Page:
Pope Francis wears a face mask during ceremony in Rome
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The 84-year-old will begin a planned three-day trip to Iraq on Friday despite scenes of violence on the streets of Baghdad in recent weeks. The head of the Catholic Church will become the first-ever pope to visit the country and will be accompanied by an entourage of 10,000 security personnel. Vatican officials had privately urged him against the trip due to security concerns but he could not be dissuaded.
Pope Francis said it was important to make the trip even if minority Christians in Iraq only saw him on TV.
Speaking last month ahead of the visit, he said: “They will see the Pope is there in their country.
“I am the pastor of people who are suffering.”
Iraq has been at the centre of warfare in the Middle East for over two decades.
Iraq has also struggled to contain the outbreak of coronavirus with over 600,000 confirmed cases and more than 13,000 fatalities.
The Pope will begin his first foreign visit since the end of 2019 in Baghdad.
The capital has been at the centre of increased violence and last Monday rockets hit Baghdad’s fortified Green Zone – the location of government buildings and foreign embassies.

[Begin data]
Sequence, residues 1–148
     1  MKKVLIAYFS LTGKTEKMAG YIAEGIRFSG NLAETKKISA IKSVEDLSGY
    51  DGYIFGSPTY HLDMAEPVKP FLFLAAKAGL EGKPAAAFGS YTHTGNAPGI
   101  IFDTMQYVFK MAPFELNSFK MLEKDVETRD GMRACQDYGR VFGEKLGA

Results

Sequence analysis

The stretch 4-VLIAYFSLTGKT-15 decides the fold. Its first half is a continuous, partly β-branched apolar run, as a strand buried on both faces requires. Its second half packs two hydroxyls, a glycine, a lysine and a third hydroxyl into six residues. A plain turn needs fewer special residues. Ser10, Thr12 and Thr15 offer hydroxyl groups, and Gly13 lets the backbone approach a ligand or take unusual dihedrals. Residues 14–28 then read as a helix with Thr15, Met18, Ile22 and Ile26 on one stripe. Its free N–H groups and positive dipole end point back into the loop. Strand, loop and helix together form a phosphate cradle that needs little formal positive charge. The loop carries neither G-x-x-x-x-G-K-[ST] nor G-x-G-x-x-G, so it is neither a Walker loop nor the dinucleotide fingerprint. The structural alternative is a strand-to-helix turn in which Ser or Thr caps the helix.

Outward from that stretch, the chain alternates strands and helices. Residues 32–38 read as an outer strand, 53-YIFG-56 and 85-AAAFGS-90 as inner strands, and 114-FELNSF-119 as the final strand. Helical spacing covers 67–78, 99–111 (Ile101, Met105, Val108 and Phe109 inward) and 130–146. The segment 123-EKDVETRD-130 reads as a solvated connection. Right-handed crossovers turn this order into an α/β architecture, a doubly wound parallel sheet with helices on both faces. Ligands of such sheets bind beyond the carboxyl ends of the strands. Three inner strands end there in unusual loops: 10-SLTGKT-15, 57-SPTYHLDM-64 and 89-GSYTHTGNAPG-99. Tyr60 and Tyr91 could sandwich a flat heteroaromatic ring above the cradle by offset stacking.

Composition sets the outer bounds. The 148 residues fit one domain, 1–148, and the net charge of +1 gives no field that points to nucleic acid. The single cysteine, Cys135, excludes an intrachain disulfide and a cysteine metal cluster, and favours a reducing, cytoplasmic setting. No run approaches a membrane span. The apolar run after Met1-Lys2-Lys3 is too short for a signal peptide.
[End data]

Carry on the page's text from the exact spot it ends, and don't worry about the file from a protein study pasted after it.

In January, a double suicide attack killed at least 32 people in Baghdad.
A church leader stressed the pontiff is aware of the dangers but insisted it important to spread peace across the region.
Archbishop Bashar Warda of Erbil said: “The Pope knows where he is going.
“He is deliberately coming to an area marked by war and violence to bring a message of peace.
“The authorities are taking the Pope’s security very seriously, with 10,000 security personnel deployed for the purpose.”
The Pope will also use a closed car and not a popemobile on the streets, a Vatican source said.
The Pope has not ventured outside Italy since November 2019 due to the coronavirus pandemic, and he and his entourage have all been vaccinated.
One Vatican official added: “He is itching to get back out on the road after such a long period.
“Despite some misgivings, the general mood in here is that all systems are go.”
His 33rd foreign visit in the past eight years will begin at a ceremony at the presidential palace.
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Pope Francis will be joined by the Iraqi president Barham Salih and prime minister Mustafa al-Kadhimi.
During his stay, he will meet bishops, priests and others at the city’s Syro-Catholic Cathedral of Our Lady of Salvation.
Two other gatherings will be held at churches in Baghdad and will be limited to about 100 worshippers, with social distancing and masks required.
The Pope is also set to hold Mass for around 10,000 people at a stadium in the city of Erbil.
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